Behind the Lens: Horseshoe Falls landscape

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Dodgy weather can make or break your landscape photography. Pro photographer Dylan Fox explains how he took this stunning photo of Horseshoe Falls in Tasmania, with foggy weather turning out to be the icing on the cake.

Living on the West Coast of Australia I have always felt very spoiled when it comes to stunning beaches lined with white sand and water so blue I have heard people describe it as looking ‘manufactured’. Our coastal scenes are stunning and as you head further north the rich red colours of the outback take over, with amazing places like Karijini National Park showcasing some of the most spectacular gorges in the country. However, one thing I don’t get to see much of is lush, green, moss-covered forests with stunning waterfalls scattered throughout them. So when I do visit these kinds of places I always feel as if I’m entering a fairy tale.
Recently I spent eight days camping in Tasmania visiting some absolutely stunning locations. One of the highlights was Mount Field National Park. This photograph captures Horseshoe Falls, which is situated a little bit beyond the equally impressive Russell Fallls.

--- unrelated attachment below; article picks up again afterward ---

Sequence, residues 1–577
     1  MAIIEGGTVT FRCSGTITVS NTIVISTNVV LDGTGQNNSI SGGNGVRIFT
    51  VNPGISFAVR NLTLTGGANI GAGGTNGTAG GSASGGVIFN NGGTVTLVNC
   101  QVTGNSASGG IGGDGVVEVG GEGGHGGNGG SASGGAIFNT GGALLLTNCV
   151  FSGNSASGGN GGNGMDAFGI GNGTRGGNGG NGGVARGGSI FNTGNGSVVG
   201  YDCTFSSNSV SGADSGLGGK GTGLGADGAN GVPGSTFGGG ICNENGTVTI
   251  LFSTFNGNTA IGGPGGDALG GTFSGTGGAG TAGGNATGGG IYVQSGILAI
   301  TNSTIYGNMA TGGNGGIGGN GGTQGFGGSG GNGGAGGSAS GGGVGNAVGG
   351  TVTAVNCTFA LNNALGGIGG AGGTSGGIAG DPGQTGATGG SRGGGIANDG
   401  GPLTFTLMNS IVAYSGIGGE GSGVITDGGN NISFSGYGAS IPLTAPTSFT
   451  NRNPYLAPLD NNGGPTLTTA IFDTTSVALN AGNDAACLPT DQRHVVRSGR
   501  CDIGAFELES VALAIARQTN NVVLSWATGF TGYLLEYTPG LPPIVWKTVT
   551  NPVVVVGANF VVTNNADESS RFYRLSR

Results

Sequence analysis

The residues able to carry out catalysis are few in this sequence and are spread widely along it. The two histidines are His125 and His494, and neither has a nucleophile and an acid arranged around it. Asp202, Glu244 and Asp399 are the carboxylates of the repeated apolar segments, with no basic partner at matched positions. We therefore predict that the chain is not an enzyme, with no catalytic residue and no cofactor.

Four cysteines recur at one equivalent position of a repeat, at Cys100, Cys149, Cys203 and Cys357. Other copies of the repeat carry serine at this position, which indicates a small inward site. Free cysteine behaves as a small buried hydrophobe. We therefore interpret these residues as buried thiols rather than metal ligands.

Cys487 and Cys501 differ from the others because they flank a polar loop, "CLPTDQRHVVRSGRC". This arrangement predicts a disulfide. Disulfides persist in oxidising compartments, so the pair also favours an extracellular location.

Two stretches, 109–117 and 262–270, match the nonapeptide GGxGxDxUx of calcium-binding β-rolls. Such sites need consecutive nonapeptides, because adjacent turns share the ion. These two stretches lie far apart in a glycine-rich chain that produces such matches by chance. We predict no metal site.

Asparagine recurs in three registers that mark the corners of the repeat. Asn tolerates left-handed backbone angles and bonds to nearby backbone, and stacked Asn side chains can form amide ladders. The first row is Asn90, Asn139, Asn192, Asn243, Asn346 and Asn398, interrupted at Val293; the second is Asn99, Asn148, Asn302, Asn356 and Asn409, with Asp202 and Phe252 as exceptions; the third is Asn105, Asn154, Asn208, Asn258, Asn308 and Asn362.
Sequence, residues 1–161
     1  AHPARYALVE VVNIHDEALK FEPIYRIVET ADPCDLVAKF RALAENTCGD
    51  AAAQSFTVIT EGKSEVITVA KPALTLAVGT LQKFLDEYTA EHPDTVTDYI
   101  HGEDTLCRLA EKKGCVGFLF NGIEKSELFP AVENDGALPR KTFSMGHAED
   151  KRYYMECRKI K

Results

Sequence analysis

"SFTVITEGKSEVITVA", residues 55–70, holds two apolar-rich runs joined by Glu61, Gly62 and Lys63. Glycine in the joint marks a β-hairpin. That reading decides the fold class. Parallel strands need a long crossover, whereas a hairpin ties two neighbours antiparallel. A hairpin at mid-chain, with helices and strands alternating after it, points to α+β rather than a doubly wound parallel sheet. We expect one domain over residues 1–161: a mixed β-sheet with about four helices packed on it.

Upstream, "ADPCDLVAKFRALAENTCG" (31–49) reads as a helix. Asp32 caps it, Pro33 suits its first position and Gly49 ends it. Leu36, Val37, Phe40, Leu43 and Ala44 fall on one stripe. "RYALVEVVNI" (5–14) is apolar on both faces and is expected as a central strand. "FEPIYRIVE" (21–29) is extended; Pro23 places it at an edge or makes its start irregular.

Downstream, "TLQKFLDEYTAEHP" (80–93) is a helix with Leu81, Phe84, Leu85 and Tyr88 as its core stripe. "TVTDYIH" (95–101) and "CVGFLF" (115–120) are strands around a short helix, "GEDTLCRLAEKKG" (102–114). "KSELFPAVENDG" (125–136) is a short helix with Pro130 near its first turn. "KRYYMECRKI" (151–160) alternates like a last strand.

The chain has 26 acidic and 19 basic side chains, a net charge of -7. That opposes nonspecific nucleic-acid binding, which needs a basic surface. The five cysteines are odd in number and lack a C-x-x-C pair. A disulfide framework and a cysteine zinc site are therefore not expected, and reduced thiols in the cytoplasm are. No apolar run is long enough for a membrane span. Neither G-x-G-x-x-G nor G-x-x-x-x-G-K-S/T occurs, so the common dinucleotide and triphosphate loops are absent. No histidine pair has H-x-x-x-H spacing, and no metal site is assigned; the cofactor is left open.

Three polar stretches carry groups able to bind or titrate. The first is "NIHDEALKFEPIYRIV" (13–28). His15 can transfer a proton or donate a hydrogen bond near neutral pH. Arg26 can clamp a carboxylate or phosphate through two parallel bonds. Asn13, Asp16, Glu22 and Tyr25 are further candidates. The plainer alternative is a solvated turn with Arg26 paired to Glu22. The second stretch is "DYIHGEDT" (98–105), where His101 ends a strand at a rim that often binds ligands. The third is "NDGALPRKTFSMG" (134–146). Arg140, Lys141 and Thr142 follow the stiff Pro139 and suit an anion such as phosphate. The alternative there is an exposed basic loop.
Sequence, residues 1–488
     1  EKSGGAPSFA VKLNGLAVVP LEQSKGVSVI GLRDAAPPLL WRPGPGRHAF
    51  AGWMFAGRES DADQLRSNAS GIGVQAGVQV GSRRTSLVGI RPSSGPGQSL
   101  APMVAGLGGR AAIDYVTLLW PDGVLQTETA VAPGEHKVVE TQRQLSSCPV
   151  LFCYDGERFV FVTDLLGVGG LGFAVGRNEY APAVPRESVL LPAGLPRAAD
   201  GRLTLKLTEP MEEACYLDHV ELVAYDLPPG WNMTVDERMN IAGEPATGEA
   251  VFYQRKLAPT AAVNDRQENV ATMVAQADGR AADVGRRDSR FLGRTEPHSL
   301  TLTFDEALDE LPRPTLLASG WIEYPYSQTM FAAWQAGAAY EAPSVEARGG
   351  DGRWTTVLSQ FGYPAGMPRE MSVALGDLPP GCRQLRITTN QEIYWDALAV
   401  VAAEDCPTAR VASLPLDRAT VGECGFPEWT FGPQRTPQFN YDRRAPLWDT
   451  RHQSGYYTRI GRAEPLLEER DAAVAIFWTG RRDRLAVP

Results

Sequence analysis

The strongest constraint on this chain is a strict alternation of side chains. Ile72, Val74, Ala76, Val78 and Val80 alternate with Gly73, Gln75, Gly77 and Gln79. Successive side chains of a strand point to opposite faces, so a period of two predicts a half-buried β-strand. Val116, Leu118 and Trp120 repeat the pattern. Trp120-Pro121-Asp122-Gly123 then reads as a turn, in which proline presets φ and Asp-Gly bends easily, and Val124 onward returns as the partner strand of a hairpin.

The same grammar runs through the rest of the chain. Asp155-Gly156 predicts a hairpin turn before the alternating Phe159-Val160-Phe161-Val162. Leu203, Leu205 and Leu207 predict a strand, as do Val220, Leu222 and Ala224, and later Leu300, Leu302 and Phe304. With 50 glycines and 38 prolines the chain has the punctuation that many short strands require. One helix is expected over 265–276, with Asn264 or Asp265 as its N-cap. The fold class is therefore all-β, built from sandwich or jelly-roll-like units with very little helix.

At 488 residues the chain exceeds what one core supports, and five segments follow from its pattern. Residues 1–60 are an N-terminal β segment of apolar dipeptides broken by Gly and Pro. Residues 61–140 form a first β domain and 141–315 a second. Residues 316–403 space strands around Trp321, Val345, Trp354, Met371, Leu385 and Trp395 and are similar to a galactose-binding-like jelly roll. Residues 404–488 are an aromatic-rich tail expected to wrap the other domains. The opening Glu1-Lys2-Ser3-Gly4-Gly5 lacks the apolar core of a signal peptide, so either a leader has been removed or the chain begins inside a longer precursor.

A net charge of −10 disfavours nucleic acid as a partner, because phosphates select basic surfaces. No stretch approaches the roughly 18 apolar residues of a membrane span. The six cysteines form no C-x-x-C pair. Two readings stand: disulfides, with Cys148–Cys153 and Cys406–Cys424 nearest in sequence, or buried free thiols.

On my second morning I was treated to some stunning conditions. I woke early, after a terrible sleep due to the bitterly cold nights, to see the forest was completely covered in heavy fog. I grabbed my gear and headed directly towards the falls. I photographed Russell Falls first, capturing a number of different compositions I’d seen the previous day, before making my way up the track to Horseshoe.

As I was shooting this scene the fog began to lift and started to let the morning sun filter in. This created the light rays coming in from the upper right-hand corner, leaving a few points of direct light on the falls. The fog added a beautiful atmosphere to the shot and although the scene looked fantastic without it, the fog really was the icing on the cake. As is often the case, it is just a matter of being in the right place at the right time.

Setting up these compositions often proves challenging. Working in the freezing water and trying to get each tripod leg to find a place under the water to settle on, which for one leg may be fully closed while another leg is fully extended to reach the bottom, and still get the camera in the right spot, certainly takes a bit of time. But it’s a rather small inconvenience when you are making photographs of a fairytale.

Horseshoe Falls. Photo by Dylan Fox. Sony A7R, Canon16-35mm f/2.8 lens @ 16mm, 5 seconds @ f16, ISO 200.
Horseshoe Falls. Photo by Dylan Fox. Sony A7R, Canon16-35mm f/2.8 lens @ 16mm, 5 seconds @ f16, ISO 200.
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